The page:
by Bob Heyden
Where have I seen this before?
In the 2010 Meadowlands Pace, One More Laugh, driven by Tim Tetrick and trained by Ray Schnittker won by a head in 1:47.4.
In the 2017 Pace, Huntsville, driven by Tetrick and trained by Schnittker won by a head in 1:47.4.
Schnittker steps up
Who does Ray Schnittker think he is, Blair Burgess or something?
The first four Schnittker entered in the Hambletonian and the first two he has tried in the Pace have all been on the board.
In 1997, Armbro Plato was third in the Hambletonian at 40-1. In 2000, Armbro Trick was third in the Hambletonian at 47-1. In 2008, undefeated favorite Deweycheatumnhowe won the Hambletonian the same year Schnittker’s Make It Happen was third.
In 2010, One More Laugh won the Meadowlands Pace in Schnittker’s debut.
In 2017, Huntsville — bred and trained by Schnittker — was the odd-son favorite and scored over a hard charging Downbytheseaside.
Marion Marauder’s inner Speedy Scot / Nevele Pride
Marion Marauder, Speedy Scot and Nevele Pride were all Trotting Triple Crown winners. In 1963, 1968 and 2016. With Marion Marauder’s impressive start to his 4 YO season, it has evoked memories of those two great trotting Triple Crown winners of the 1960s and how they did at age 4.
In 1964, Speedy Scot followed up his strong sophomore award-winning season with a 14 12-0-0 $235,710 year and made a strong run at repeating as Horse Of The Year.
In 1969, Nevele Pride had already been twice named Horse Of The Year, and he also started 14 times. He won 10 of those with two seconds and a third, good for $222,875 and an unprecedented third HOY title for any trotter — ever.
(PS — Lindys Pride, the last trotter to win the Triple Crown and return at age four, did so in 1970. but didn’t fare so well: His record was:6 1-2-0 $9,431)
Another top trotter in a year of 7?
Walner, despite the late start on July 8, has looked every bit as dominant as ever this year. Years ending in “7” have been kind to young trotters:
In 2007, Donato Hanover, the Hambletonian winner as the favorite, took 19 straight and was voted Horse Of The Year.
In 1997, Malabar Man, the Hambletonian winner as the favorite, won the divisional title and Horse of the Year.
In 1987, Mack Lobell, the Hambletonian winner as the favorite, was the overwhelming choice for Horse Of The Year.
In 1977, Green Speed, the Hambletonian winner as the favorite, would probably have won the Triple Crown but was not made eligible to the Kentucky Futurity. He was the first and only trotter to be named HOY for the Billy Haughton stable.
In 1967, Nevele Pride couldn’t dominate the Hambletonian, yet — he’d do that in 1968. But, at two, the son of Stars Pride was perhaps the greatest freshman of all time with a 29 26-2-0 slate good for HOY honors — one he’d repeat at three and four.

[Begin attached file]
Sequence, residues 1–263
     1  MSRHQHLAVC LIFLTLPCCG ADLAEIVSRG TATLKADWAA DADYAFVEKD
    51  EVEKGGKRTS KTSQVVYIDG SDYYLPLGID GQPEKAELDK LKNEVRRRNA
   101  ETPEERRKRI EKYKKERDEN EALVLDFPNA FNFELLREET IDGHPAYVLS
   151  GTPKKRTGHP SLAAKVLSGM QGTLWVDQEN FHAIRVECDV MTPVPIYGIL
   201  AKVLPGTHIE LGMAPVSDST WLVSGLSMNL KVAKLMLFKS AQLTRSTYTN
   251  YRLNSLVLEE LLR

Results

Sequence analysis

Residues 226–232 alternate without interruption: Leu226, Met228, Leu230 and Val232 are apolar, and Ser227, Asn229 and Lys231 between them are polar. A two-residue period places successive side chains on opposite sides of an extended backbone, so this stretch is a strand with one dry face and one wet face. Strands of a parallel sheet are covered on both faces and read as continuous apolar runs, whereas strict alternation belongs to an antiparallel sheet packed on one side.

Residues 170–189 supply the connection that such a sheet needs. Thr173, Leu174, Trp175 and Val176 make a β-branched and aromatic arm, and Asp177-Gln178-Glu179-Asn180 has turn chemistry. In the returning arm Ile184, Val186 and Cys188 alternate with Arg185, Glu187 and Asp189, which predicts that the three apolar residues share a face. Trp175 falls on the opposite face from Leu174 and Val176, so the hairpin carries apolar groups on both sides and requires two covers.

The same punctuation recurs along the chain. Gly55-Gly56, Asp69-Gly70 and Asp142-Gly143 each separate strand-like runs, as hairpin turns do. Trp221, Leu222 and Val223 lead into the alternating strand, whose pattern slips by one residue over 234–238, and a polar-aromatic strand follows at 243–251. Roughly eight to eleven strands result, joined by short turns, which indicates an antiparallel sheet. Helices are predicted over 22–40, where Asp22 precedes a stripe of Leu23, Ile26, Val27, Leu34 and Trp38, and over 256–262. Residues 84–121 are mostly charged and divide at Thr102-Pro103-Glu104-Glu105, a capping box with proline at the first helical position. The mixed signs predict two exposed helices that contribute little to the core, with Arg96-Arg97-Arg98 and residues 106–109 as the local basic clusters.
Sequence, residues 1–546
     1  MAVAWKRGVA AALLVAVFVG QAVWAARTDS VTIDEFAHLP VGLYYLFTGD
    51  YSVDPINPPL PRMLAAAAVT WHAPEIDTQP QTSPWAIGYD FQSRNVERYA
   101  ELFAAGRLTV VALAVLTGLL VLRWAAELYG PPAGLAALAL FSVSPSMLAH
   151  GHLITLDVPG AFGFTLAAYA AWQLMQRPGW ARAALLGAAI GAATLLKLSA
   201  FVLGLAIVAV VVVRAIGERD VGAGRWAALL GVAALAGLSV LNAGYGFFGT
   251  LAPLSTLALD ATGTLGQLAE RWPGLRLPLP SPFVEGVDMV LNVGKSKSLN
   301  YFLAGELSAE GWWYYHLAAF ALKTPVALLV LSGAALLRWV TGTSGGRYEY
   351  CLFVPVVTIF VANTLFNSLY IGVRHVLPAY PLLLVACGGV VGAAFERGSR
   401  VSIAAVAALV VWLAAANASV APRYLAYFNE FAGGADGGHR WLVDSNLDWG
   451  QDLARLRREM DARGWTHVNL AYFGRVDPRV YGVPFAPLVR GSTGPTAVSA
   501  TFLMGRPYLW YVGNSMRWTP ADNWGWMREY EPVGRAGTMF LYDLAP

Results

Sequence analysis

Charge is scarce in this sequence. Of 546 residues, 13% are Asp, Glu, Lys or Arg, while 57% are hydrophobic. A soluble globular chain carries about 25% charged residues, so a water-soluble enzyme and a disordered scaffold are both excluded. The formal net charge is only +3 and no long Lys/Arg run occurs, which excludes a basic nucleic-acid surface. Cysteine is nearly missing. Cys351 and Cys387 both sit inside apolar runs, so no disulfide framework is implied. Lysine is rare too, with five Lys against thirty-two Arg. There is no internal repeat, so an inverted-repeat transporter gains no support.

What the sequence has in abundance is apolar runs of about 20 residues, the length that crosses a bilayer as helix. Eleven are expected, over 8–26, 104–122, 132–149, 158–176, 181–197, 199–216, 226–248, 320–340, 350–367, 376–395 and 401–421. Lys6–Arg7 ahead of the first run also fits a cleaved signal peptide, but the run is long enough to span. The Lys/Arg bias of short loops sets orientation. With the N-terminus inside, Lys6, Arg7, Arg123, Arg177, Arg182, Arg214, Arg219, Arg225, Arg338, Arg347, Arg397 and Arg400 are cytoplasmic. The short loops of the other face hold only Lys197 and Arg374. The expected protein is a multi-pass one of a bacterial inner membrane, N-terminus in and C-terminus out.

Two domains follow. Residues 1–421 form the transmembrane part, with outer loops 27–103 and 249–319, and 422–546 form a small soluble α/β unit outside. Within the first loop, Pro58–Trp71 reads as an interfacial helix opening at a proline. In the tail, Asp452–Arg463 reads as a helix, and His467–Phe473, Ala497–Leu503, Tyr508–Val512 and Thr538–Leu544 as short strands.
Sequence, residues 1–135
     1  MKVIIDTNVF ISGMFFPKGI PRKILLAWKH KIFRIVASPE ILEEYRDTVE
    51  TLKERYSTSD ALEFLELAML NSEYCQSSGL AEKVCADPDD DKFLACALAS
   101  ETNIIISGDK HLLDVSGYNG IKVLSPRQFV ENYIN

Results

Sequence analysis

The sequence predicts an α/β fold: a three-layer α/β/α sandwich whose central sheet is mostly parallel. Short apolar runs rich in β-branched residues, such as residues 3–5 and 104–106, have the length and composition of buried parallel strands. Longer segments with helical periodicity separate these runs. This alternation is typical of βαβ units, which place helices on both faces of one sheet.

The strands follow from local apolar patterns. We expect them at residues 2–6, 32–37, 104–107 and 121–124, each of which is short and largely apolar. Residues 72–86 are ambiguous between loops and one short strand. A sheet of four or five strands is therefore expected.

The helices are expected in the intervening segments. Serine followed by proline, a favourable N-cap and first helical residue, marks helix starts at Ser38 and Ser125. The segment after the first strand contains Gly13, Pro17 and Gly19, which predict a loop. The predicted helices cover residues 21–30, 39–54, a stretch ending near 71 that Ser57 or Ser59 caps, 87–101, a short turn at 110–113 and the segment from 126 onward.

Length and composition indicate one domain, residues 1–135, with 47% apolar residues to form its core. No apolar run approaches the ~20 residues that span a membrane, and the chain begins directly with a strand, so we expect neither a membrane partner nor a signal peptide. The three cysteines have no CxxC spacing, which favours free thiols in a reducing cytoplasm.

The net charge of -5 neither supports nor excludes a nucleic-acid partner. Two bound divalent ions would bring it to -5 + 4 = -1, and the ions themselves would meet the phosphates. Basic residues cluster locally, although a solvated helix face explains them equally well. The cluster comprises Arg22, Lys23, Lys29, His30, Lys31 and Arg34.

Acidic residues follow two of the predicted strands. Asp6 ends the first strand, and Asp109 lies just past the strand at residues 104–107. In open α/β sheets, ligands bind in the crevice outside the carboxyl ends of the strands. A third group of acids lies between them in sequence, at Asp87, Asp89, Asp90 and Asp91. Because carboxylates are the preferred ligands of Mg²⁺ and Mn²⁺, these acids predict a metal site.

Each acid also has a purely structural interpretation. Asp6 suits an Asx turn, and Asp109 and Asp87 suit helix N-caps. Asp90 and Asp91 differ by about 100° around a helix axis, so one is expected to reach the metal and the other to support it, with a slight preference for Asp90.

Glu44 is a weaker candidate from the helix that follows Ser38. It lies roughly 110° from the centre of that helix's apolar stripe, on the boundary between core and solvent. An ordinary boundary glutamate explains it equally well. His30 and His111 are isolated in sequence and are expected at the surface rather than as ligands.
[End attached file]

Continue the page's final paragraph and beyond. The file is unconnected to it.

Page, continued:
In 1947, Victory Song posted a 12-20 season and became the first ever HOY — a trotter, of course.
Go fourth young man
If Walner goes on to win the Hambletonian, he’ll be the third winner of this Classic whose sire finished fourth in the Hambletonian himself — Chapter Seven in 2011.
In 1998, Conway Hall (fourth) sired 2004 Triple Crown winner Windsongs Legacy.
In 1988, Supergill (fourth) sired 1997 Horse Of The Year and Hambletonian winner Malabar Man.
Another Walner-Chapter Seven tie-in?
Chapter Seven holds the record for fewest starts for any Horse Of The Year (10 8-2-0 in 2012). Walner is going to try and do something not yet done — be Horse Of The Year without racing in the first half of the season. He started on July 8. Some who won the HOY title with late start-ups include:
Mack Lobell 1987 June 28 (Yonkers Trot)
Chapter Seven 2011 June 23
Real Desire 2002 June 1
Malabar Man 1997 June 11
Glidemaster 2006 June 10
Betcha didn’t know this…
That the Dexter Cup, for three straight years, went for more money than the Hambletonian — and it was not even close.
In 1967, the Dexter Cup went for $183,463 to the Hambletonian’s $122,650.
In 1968, it was $166,746 to $116,190 and in 1969, it was $174,455 to $124,910.
Happy 80th birthday Clint Galbraith
It was on Pace Night 2017 that Niatross’ record for earnings for a Triple Crown winner was finally topped, as Marion Marauder did so winning the Hambletonian Matturity. Until that night, Niatross was the only $2 million winning Triple Crown winner in the sport’s history. Clint Galbraith, the man behind Niatross, turns 80 on Saturday (July 22).
Galbraith’s best horse prior to Niatross was ABC Freight in the late 1970s, and his best after clearly was Call For Rain, the back-to-back Breeders Crown winner voted the best Older Pacer of 1988
Galbraith holds a very unusual distinction.
He appeared only once in a million-dollar Meadowlands Pace-, and it was the sport’s first ever, too, winning it with Niatross in 1980.
He appeared in only one million-dollar trotting event — and it also happened to be the first trotting event for seven figures — the 1983 Hambletonian won by Duenna. Galbraith drove Sea Chanty, who was fifth in his elim and ninth in the final.
Finally a quiz
Q. With the Hambletonian on the horizon, can you remember the race in 1984 when Delvin G Hanover paid a Meadowlands Hambletonian elimination record of $126? Who was the horse on the board with him in that race who was even higher odds?
A. Desert Ruler, third — in Ted Wing’s lone Hambletonian appearance — was 77.20-1.